When Doves Cry

Oscar Declares War on the War

Once World War II broke out in Europe, the entire industry came under suspicion—blamed now by isolationist politicians for attempting to drag the U.S. into the conflict. Citing studio personnel "from Russia, Hungary, Germany, and the Balkan countries," Senator Gerald Nye, Republican of North Dakota, declared that Hollywood movies sought "to drug the reason of the American people" and "rouse the war fever." Nye elaborated on his statements during Senate hearings. Pearl Harbor mooted his charges, but the propaganda hearings foreshadowed those vastly more infamous investigations conducted two years after the war by HUAC.


"When it comes to flag-waving, Hollywood is positively phobic," the Post editorialized last week—excluding, one assumes, its corporate sibling Twentieth Century Fox. But the fact is that the Oscar ceremonies as we know them developed in response to World War II.

The big one: Best Documentary winner Michael Moore takes aim at the fictitious president.
photo: Staci Schwartz
The big one: Best Documentary winner Michael Moore takes aim at the fictitious president.

Presented only a few months after Pearl Harbor, the 1941 Oscars were awarded under lockdown. Academy president Bette Davis, a supporter of numerous Popular Front activities, proposed changing the traditional banquet into a public event, with ticket sales to benefit British war relief. The producers were not yet ready—and the actress resigned her post under pressure—but the next year's ceremony was replete with American flags and uniformed stars. Oscar Night '44, the first held at Grauman's Chinese Theatre, was dedicated to the fighting men of the United Nations (as the allied forces were then known). Warner Bros. dominated the evening with its Popular Front patriotic hits Casablanca, This Is the Army, and Watch on the Rhine.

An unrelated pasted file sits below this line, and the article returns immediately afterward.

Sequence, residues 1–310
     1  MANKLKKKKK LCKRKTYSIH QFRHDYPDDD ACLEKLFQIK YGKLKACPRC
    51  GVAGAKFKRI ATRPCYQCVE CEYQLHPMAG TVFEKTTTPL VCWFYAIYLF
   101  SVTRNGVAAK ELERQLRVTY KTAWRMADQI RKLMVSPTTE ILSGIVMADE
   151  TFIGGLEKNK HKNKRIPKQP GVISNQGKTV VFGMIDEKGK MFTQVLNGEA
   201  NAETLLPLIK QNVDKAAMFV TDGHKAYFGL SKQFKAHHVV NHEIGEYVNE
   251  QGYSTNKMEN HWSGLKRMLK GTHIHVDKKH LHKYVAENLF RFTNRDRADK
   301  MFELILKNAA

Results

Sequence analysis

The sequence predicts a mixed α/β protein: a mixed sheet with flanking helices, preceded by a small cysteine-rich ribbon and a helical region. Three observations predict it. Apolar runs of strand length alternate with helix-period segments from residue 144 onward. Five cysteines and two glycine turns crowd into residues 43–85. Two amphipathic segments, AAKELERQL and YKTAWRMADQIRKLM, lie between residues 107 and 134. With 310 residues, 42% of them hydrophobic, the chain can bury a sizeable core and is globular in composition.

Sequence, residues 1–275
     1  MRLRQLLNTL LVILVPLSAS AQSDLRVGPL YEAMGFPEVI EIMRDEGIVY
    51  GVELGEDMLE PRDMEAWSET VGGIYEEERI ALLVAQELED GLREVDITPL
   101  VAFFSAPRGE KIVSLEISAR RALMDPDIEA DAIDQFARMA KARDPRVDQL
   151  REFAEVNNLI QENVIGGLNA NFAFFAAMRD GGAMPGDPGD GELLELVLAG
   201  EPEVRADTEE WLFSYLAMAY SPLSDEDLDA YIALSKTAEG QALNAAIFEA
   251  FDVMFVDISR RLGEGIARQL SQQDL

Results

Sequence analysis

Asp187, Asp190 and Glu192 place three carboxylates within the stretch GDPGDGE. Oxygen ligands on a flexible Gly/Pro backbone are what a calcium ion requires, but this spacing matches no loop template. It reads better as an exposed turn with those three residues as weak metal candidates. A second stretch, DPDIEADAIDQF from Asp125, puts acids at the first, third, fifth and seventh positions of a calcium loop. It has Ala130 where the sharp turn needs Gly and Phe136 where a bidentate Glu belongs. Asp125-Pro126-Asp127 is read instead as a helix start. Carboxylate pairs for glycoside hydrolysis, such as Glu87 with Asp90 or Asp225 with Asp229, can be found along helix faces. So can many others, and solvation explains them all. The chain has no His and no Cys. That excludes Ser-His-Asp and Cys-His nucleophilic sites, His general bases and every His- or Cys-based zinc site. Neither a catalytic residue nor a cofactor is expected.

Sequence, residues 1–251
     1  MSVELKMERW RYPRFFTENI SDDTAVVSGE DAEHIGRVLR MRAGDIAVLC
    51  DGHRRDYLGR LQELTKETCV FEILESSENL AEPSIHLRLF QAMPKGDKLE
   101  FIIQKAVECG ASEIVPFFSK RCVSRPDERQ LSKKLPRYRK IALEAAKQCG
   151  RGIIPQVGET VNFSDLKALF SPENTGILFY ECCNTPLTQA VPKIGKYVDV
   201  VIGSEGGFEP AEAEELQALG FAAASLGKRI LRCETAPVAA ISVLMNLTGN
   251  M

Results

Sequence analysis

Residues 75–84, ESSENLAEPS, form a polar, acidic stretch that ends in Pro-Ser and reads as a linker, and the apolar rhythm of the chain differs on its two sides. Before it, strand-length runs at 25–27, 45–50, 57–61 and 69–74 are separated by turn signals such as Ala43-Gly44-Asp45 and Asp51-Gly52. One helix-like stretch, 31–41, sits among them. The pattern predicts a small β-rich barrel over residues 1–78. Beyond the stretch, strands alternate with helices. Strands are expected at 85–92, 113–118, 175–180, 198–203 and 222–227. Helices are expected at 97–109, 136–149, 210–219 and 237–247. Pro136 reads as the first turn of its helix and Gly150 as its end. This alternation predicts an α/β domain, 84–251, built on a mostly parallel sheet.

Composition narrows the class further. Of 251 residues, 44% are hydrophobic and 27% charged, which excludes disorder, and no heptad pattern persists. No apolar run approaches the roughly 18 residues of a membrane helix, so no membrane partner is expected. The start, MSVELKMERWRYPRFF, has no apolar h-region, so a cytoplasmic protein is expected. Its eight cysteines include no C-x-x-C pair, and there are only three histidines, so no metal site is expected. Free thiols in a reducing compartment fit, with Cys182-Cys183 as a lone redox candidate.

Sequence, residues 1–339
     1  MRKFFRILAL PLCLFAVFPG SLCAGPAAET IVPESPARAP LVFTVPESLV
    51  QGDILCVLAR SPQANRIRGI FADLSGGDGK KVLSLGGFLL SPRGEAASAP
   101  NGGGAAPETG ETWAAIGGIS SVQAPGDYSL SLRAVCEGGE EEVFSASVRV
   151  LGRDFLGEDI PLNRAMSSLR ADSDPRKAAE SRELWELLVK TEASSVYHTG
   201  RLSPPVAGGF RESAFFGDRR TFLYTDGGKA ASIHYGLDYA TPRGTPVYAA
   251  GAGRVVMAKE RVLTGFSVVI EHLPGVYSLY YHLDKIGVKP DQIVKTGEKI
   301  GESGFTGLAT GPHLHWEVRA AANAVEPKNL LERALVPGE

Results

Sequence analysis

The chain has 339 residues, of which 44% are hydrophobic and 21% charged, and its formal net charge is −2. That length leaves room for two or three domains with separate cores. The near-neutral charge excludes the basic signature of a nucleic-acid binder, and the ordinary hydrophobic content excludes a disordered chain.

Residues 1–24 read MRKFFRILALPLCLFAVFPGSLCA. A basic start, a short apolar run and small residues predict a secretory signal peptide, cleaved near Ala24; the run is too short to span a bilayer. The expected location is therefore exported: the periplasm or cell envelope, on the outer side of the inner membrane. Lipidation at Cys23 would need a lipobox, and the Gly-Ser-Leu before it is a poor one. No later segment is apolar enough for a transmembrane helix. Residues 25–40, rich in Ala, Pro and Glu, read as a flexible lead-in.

Warners even re-released Confessions of a Nazi Spy—the time for "premature anti-fascism" had come. Effectively destroyed by the Hitler-Stalin pact, HANL was reconstituted after a fashion, as the Hollywood Democratic Committee, which mobilized a small army of stars (Humphrey Bogart, James Cagney, Judy Garland, Rita Hayworth, Groucho Marx, Frank Sinatra) to support FDR's 1944 fourth-term campaign. In a class by himself, Orson Welles barnstormed the country—speechifying for Roosevelt to such effect that, appearing with Vice President Henry Wallace at a Madison Square Garden rally, he inspired cheers of "Wallace and Welles in '48."

Once again, the stars proved remarkable fundraisers and articulate speakers on behalf of a political cause. Like much of the U.S., post-war Hollywood was engulfed in labor strife—complicated by a new congressional investigation into movieland subversion. Wartime unity was over; even more than in the '30s, the industry was divided against itself. Numerous stars actively supported Henry Wallace's presidential bid, including Welles, Gene Kelly, and Katharine Hepburn, who lost a role the morning after her fiery attack on HUAC, a speech written for her by soon-to-be subpoenaed screenwriter Dalton Trumbo.